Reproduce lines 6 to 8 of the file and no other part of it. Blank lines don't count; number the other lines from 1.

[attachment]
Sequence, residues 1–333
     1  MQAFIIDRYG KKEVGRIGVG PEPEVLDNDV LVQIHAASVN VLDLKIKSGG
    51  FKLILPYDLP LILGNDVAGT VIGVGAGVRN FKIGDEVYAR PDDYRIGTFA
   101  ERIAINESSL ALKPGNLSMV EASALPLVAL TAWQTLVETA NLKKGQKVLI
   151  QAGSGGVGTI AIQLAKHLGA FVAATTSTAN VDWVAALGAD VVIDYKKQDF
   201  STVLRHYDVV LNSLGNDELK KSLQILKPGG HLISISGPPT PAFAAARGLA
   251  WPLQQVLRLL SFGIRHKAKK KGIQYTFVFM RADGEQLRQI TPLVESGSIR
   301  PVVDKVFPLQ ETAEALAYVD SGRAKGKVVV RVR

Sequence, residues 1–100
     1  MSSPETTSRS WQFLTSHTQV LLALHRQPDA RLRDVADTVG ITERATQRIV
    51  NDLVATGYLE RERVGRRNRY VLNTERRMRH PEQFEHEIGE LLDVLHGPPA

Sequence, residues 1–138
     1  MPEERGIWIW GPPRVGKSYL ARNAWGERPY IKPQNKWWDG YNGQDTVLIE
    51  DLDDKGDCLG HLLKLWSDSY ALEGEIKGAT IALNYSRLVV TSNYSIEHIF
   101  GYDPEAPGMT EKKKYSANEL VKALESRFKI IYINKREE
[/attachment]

   201  STVLRHYDVV LNSLGNDELK KSLQILKPGG HLISISGPPT PAFAAARGLA
   251  WPLQQVLRLL SFGIRHKAKK KGIQYTFVFM RADGEQLRQI TPLVESGSIR
   301  PVVDKVFPLQ ETAEALAYVD SGRAKGKVVV RVR